During Akbar's reign, the number of painters increased from around 30 when the Hamzanama was built in the mid-1560s to around 130 by the mid-1590s. According to court historian Abu'l-Fazal, Akbar was a hands-on patron of the arts, inspecting and praising his artists on a regular basis. Persia's painters flourished at this time.

After Akbar's death, his son Jahangir (1605–1627) ascended to the throne. Rather than the collaboration established under Akbar's reign, he preferred each painter to work on a single painting. During this time, different individual styles emerge, including Bishan Das, Manohar Das, Abu al-Hasan, Govardhan, and Daulat. 

Even if the item was nameless, Jahangir was capable of identifying the work of each individual artist. During his reign, the Razmnama (Persian translation of the Hindu epic Mahabharata) and Tuzuk-i Jahangiri (an illustrated memorial of Jahangir) were created. Shah Jahan (1628–1658) followed Jahangir, and his most famous architectural achievement is the Taj Mahal. In contrast to his predecessor's unique flair, paintings under his reign were more formal, showing court settings.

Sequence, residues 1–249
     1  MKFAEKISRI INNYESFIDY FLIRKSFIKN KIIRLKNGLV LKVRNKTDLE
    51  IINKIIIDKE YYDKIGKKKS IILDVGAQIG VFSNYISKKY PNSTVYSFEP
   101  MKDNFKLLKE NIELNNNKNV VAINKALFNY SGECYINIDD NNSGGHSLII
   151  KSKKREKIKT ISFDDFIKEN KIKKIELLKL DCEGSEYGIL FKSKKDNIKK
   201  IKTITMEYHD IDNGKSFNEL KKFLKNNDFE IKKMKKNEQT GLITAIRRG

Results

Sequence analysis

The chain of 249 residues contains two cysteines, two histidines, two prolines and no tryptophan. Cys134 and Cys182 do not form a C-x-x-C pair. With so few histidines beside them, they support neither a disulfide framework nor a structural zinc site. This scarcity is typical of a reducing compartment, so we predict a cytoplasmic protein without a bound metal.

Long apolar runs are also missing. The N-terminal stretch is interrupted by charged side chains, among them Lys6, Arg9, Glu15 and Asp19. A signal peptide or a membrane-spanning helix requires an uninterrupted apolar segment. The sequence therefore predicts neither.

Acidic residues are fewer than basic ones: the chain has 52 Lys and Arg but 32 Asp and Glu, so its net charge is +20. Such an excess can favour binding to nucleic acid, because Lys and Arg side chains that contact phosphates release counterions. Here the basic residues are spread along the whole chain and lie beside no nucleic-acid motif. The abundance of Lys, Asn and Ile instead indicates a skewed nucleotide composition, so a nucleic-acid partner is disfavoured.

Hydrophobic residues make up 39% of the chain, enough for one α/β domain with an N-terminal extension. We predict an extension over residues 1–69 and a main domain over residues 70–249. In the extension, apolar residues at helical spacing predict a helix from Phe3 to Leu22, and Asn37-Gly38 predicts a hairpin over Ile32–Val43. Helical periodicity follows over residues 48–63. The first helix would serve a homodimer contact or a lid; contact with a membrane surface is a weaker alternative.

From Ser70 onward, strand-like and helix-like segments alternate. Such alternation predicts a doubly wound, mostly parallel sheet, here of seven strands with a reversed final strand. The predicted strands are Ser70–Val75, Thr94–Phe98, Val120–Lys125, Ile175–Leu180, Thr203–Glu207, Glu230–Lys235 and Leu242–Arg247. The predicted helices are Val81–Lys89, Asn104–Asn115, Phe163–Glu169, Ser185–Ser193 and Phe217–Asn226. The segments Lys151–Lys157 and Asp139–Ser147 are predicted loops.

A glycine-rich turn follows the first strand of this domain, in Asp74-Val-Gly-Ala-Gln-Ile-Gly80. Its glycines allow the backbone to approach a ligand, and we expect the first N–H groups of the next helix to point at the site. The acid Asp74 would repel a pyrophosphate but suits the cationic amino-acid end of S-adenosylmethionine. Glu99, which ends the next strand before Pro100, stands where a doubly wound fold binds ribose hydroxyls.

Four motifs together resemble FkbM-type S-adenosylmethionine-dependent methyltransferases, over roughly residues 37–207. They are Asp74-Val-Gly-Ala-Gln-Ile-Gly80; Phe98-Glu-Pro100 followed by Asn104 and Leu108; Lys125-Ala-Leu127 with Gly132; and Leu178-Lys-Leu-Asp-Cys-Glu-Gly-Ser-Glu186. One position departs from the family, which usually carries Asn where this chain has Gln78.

As painting decreased in the imperial court, artists and Mughal painting's overall influence expanded to the princely courts and cities of north India, where portraiture, illustration of Indian epics, and Hindu religious painting evolved in numerous local schools and styles. The Rajput, Pahari, Deccan, and Kangra painting schools were notable among them.

Other medieval Indian kingdoms